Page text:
Temporal range: Early Miocene-Recent
|Middle East blind mole-rat, (Spalax ehrenbergi)|
Nannospalax Palmer, 1903
The genus Spalax contains the blind, fossorial, or subterranean mole rats, which are one of several types of rodents that are called "mole rats". The hystricognath mole-rats of the family Bathyergidae are completely unrelated, but some other forms are also in the family Spalacidae. Zokors (subfamily Myospalacinae) and root rats and bamboo rats (subfamily Rhizomyinae) are spalacids sometimes referred to as mole rats. Blind mole rats are in the family Spalacidae, but are unique enough to be given a separate subfamily, Spalacinae. Alternate opinions on taxonomy consider the blind mole-rats to be the only members of the family Spalacidae and rank other spalacid subfamilies as full families. Other authors group all members of the superfamily Muroidea into a single family, Muridae. The Spalacinae contains two genera and eight species. Some authorities treat all species as belonging to a single genus, Spalax.
Spalax mole rats are truly blind. Their very small eyes are completely covered by a layer of skin. Unlike many other fossorial rodents, Spalax mole rats do not have enlarged front claws and do not appear to use their forearms as a primary digging tool. Digging is almost exclusively conducted using their powerful front teeth, which are separated from the rest of the mouth by a flap of skin. When a Spalax mole rat closes its mouth, its incisors are still on the outside. Blind mole rats may have evolved from spalacids that used their front limbs to dig, because their olecranon processes are relatively large relative to the rest of their arms. The olecranon process is a part of the ulna bone where muscles attach, and digging animals tend to have enlarged olecranon processes to provide a large surface for their large and powerful muscles to attach.
Because they are completely blind, blind mole rats have been important laboratory animals in tests on how eyes and eye proteins function. It should be emphasized that although Spalax has only atrophied subcutaneous eyes and it is sightless, its circadian rhythm is kept. Few publications (Avivi et al) have proved that the circadian genes that control the biological clock are expressed in a similar manner as in sighted, aboveground mammals.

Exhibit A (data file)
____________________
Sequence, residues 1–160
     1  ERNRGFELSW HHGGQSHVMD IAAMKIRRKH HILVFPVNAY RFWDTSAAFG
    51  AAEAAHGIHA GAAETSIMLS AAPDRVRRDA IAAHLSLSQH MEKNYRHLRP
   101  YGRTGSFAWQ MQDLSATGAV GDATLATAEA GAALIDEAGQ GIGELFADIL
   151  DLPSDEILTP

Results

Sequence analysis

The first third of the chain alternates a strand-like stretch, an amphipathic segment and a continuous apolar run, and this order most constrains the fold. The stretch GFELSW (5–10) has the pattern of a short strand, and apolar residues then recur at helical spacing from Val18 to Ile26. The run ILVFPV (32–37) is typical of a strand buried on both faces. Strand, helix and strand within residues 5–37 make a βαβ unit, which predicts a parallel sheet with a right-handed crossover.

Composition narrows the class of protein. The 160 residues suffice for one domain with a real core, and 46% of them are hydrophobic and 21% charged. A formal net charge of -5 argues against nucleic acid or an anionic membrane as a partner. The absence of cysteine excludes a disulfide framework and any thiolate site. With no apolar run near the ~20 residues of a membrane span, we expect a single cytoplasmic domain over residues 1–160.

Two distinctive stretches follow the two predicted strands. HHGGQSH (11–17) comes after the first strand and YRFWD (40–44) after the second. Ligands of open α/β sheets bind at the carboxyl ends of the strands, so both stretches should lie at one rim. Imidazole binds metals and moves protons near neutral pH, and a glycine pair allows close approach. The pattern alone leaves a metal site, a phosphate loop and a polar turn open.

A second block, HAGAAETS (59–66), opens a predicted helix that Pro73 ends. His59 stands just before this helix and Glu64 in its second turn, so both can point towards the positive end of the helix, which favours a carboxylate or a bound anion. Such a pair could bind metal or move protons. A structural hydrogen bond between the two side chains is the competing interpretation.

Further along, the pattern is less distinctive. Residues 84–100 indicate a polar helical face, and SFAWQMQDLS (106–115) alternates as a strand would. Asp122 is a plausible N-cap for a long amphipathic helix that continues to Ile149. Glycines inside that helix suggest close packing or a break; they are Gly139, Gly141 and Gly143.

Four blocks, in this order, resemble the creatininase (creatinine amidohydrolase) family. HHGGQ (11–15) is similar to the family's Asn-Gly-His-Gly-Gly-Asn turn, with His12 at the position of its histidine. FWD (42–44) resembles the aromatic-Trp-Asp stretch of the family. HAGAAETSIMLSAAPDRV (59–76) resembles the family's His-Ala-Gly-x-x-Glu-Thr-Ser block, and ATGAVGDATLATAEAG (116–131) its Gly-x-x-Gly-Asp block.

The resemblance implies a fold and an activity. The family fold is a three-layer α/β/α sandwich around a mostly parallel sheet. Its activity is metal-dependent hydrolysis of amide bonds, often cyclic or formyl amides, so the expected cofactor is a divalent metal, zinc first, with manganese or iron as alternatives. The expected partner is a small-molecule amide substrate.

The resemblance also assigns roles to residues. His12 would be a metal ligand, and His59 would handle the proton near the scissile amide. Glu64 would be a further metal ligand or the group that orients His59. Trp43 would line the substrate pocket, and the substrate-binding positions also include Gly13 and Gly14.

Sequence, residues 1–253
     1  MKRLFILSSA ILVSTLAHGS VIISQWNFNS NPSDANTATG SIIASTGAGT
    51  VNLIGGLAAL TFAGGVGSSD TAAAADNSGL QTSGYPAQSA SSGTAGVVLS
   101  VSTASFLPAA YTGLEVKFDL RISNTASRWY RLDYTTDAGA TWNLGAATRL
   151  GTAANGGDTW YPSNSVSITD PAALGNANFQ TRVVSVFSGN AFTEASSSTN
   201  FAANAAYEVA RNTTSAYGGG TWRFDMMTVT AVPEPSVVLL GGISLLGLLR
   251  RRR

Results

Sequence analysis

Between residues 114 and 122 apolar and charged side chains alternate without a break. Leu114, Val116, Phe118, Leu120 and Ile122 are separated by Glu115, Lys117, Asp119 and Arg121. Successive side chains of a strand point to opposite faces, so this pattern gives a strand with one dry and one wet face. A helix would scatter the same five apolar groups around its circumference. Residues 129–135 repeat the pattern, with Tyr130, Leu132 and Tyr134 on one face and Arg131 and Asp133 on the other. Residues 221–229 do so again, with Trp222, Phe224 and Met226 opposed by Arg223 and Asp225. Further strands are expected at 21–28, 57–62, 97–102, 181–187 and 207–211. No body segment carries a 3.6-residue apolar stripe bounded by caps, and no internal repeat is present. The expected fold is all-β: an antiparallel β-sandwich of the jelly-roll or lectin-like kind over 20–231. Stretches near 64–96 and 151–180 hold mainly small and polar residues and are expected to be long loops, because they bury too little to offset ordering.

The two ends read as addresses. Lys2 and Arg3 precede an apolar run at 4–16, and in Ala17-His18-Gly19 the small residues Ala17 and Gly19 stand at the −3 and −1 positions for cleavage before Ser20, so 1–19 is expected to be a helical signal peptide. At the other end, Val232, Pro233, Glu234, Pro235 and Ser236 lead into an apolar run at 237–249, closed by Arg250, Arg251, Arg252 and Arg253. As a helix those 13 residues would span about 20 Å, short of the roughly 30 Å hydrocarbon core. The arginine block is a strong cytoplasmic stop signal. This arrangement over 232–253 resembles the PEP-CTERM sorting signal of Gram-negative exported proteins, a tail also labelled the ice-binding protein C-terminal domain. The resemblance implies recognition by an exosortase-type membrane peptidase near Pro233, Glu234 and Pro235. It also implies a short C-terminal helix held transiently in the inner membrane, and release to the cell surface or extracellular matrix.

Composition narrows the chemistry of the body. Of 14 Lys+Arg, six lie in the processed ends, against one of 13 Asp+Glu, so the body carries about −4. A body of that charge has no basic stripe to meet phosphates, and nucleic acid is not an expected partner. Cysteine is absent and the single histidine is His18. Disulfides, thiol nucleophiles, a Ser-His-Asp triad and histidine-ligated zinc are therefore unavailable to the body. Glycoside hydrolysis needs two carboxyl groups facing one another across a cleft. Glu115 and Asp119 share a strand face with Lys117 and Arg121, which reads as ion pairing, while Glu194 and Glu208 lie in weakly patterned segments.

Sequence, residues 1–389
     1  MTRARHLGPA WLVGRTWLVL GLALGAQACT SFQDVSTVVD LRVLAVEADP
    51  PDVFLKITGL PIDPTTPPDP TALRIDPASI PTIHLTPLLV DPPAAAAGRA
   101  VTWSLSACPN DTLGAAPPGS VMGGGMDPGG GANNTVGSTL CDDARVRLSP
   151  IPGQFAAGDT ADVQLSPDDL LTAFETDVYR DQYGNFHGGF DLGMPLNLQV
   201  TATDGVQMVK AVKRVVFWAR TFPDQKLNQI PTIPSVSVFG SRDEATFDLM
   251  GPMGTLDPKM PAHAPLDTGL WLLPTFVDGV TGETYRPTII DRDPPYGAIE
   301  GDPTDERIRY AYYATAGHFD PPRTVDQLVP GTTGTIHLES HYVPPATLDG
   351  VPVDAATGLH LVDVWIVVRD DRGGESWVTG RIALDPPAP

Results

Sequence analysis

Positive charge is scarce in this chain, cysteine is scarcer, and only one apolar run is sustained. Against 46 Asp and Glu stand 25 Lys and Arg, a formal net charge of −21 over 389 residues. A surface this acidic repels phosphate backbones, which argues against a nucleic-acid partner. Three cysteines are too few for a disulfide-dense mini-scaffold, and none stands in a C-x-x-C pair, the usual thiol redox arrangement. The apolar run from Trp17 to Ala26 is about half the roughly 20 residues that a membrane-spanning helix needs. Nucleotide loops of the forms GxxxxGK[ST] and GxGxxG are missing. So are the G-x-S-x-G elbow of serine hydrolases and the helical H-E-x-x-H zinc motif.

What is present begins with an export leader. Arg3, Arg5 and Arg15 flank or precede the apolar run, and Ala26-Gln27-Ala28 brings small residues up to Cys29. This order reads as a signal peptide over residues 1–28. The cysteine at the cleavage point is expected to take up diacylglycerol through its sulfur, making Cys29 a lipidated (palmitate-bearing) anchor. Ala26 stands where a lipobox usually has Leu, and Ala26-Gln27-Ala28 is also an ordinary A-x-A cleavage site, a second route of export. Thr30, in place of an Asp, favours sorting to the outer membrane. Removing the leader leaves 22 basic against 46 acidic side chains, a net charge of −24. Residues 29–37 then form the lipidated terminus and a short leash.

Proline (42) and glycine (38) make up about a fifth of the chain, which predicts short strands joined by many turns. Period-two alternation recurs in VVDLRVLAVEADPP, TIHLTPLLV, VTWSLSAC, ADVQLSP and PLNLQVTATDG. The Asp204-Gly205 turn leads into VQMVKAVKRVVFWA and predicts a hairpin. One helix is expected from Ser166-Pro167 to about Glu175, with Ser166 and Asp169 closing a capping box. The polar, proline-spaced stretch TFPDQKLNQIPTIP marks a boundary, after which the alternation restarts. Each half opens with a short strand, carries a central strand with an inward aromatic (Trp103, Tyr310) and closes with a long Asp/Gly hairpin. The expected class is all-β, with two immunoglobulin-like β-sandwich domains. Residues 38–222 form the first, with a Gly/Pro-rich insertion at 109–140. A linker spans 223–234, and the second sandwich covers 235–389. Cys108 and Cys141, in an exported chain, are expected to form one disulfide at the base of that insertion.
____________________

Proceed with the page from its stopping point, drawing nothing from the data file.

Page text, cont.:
Studies on the growth of fibroblasts in vitro of Spalax judaei and Spalax golani showed that the process of necrosis replaces the role of the systematic apoptosis normally used in most organisms. Low-oxygen conditions, such as those common in blind mole rats' burrows, usually cause cells to undergo apoptosis. One study showed that in adaptation to a higher tendency of cell death, blind mole rats evolved a mutation in the tumor suppressor protein p53, also used in humans, to prevent cells from undergoing apoptosis. Human cancer patients have similar mutations, and blind mole rats were thought to be more susceptible to cancer because their cells cannot undergo apoptosis. However, after a specific amount of time (within 3 days according to one study), the cells in blind mole rats release interferon-beta (which the immune system normally uses to counter viruses) in response to overproliferation of cells caused by the suppression of apoptosis. In this case, the interferon-beta triggers cells to undergo necrosis, and this mechanism also kills cancer cells in blind mole rats. Because of tumor suppression mechanisms such as this, blind mole rats and other spalacids are resistant to cancer.
The involvement of interferon in the so-called concerted cell death of Spalax cells via necrosis was highly criticized. Serious questions have been raised on the inconsistent methodology used that led to this speculation [see discussion at: https://bmcbiol.biomedcentral.com/articles/10.1186/1741-7007-11-91; Manov et al, BMC Biology , 2013]. Noteworthy, in this publication Manov et al, BMC Biology , 2013 interesting data on Spalax resistance to cancer have been documented:
8 ^ Irena Manov, Mark Hirsh, Theodore C Iancu, Assaf Malik, Nick Sotnichenko, Mark Band, Aaron Avivi and Imad Shams+ (2013) Pronounced cancer resistance in a subterranean rodent, the blind mole-rat, Spalax: in vivo and in vitro evidence. BMC Biology 
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